18. Aaaaaaaand now I know what to get the husband for his birthday next month. This sounds outstanding. Thanks for the great big idea!

  19. Now the first time I read about this book it made it sound like the author was totally against genetically altered plants. I had to comment that genetically altered rice was pretty much responsible for many people not going hungry.

    I’m pleased to see his views are deeper and more informed than the first article I read led me to believe.

  20. But a few garlic cloves–the biggest, fattest, finest ones–get saved for planting the following year. The cloves they retain guarantee the future of their garlic farm, and the slow improvement of the crop as it becomes bigger, hardier, and more productive over successive generations. That garlic, grown on a single mesa in Colorado becomes more unique and more productive with every season. It’s the slow version of genetic engineering.

    Um… no. This almost completely wrong.

    1- Garlic is cloned. Successive generations sometimes differ due to mutation, but it’s an exceedingly slow process and one that operates too slowly for selection on the scale of a single human lifetime without artificial aid (mutagens and radiation in an attempt to get a useful sport).

    2- Planting large cloves ensures that the plants will have lots of resources to draw upon, and so increases the chances that next year’s cloves will be large by giving the plants an early boost. But it won’t lead to any improvement in the stock, as selecting from diverse open-pollinated plants would.

    3- Garlic is well-known for adapting to local conditions. This is not a genetic change, it’s an acquired physiological adjustment. It happens fully within less than a decade of repeated planting in an area and reverses/changes if the stock is placed into new conditions.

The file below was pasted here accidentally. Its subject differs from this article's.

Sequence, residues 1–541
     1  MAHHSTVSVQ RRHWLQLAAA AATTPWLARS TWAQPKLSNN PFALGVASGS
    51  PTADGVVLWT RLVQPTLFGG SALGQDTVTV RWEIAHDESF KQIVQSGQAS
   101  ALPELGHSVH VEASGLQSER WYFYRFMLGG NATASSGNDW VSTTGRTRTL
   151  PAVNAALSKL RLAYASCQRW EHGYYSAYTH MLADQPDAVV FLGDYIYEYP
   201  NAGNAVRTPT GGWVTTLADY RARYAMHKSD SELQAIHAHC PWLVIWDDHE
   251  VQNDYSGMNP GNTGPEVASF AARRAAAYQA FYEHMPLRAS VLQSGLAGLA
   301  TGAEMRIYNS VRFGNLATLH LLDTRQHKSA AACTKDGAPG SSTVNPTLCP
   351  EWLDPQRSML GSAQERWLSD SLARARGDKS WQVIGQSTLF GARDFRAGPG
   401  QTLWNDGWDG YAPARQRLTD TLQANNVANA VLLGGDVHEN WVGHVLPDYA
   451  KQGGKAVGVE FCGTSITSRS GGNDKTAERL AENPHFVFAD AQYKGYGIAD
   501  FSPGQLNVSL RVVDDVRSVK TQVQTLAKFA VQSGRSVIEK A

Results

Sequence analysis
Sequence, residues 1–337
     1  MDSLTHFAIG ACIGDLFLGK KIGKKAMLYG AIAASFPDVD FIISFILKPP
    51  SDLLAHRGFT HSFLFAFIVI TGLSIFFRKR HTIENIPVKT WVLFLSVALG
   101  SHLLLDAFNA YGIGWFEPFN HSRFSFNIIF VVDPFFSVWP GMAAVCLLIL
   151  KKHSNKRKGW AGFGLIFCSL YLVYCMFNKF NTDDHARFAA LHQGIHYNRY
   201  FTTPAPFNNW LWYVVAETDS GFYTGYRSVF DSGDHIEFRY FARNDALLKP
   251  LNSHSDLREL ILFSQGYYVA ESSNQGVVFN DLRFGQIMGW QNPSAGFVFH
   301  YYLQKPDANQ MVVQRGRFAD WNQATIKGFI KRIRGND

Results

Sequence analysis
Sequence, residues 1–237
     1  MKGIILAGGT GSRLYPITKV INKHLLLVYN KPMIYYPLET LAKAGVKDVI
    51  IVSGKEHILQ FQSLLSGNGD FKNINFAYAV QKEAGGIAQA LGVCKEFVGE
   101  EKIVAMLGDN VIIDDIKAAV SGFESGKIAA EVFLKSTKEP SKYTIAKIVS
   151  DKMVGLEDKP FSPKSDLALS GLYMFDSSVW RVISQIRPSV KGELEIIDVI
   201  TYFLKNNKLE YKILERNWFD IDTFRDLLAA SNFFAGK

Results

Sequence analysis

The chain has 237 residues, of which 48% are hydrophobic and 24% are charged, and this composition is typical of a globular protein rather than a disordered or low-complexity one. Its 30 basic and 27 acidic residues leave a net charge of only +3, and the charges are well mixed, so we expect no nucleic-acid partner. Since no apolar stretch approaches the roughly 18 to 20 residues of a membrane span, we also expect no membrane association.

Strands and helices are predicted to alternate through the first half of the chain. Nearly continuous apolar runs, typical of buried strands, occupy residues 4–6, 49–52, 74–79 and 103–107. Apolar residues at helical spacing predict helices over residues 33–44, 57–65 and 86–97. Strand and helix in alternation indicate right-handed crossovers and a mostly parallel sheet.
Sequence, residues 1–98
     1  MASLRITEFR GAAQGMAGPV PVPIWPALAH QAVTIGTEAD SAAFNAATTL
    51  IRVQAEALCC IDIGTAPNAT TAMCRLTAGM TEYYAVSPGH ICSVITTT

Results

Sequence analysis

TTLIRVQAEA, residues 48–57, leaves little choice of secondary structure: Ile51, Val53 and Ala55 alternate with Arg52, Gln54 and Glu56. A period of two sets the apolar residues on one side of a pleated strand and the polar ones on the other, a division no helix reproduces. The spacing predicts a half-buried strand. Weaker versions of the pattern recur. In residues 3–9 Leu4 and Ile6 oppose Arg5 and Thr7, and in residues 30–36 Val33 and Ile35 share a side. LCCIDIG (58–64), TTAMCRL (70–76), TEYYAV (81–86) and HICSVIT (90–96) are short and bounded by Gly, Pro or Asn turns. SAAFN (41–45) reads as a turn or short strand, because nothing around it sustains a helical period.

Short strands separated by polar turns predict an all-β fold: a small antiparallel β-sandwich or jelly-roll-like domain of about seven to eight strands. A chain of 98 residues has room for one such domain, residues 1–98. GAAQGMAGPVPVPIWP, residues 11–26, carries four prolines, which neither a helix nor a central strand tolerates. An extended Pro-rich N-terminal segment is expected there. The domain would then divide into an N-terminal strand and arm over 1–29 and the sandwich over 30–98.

Granted, plant biology was not the point of your post, but you really need to get a bio geek to look over your material, the same was Whedon needs to get a physics geek.

  21. Unfortunately I have to wait till either the local library gets a copy or I can convince my brother to pick it up and send it along after he reads it.

    This book was on my “to read” list right after I read Pump #6.

  22. Well, since I went straight to the Internets and bought ‘Ash’ on your recommendation and LOVED it, I am off to do the same thing for this book

  23. I go ’round-and-’round on terminator genes. On the one hand, I don’t see why a farmer shouldn’t be able to reserve seed from a harvest for the next planting. On the other hand, . . .
    Well, let’s say we build super-insect-resistance into a corn plant. I’m not worried about that gene getting loose into the corn planted in the next field. I’m not worried (much) about that gene getting into the non-corn plants bordering the field. But, just suppose, Weyerhauser has that gene built into the trees on their lumber farms. I have every reason to believe that gene will spread to wild trees. That would destroy all of the insects that feed primarily (or exclusively) on that type of tree. Removing a link from the food chain is rarely a good idea. Meaning the terminator gene is, in that scenario, the only thing preventing catastrophe.

  24. damn it, its not on the Sony ebook site…. amazon/kindle must have gotten an exclusive on it… oh well, maybe later.

  25. Paulo: – I’m about knee-deep in Windup Girl now – was the significance of nightshade (plant family) a ‘shout out’ to your publisher?